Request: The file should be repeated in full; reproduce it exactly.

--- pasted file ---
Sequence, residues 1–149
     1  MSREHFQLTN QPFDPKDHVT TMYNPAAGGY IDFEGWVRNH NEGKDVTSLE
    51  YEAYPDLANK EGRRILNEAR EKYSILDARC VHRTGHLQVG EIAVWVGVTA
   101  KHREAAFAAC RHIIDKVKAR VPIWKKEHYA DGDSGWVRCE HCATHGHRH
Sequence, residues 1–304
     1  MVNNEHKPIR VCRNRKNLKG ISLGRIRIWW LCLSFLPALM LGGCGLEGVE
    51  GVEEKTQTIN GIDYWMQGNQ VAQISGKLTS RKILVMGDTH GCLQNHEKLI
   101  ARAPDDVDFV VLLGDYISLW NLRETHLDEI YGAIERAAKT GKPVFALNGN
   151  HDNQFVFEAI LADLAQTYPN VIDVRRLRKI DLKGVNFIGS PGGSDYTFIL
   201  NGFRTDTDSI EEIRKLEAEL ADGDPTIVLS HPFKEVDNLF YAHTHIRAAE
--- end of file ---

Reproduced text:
Sequence, residues 1–149
     1  MSREHFQLTN QPFDPKDHVT TMYNPAAGGY IDFEGWVRNH NEGKDVTSLE
    51  YEAYPDLANK EGRRILNEAR EKYSILDARC VHRTGHLQVG EIAVWVGVTA
   101  KHREAAFAAC RHIIDKVKAR VPIWKKEHYA DGDSGWVRCE HCATHGHRH
Sequence, residues 1–304
     1  MVNNEHKPIR VCRNRKNLKG ISLGRIRIWW LCLSFLPALM LGGCGLEGVE
    51  GVEEKTQTIN GIDYWMQGNQ VAQISGKLTS RKILVMGDTH GCLQNHEKLI
   101  ARAPDDVDFV VLLGDYISLW NLRETHLDEI YGAIERAAKT GKPVFALNGN
   151  HDNQFVFEAI LADLAQTYPN VIDVRRLRKI DLKGVNFIGS PGGSDYTFIL
   201  NGFRTDTDSI EEIRKLEAEL ADGDPTIVLS HPFKEVDNLF YAHTHIRAAE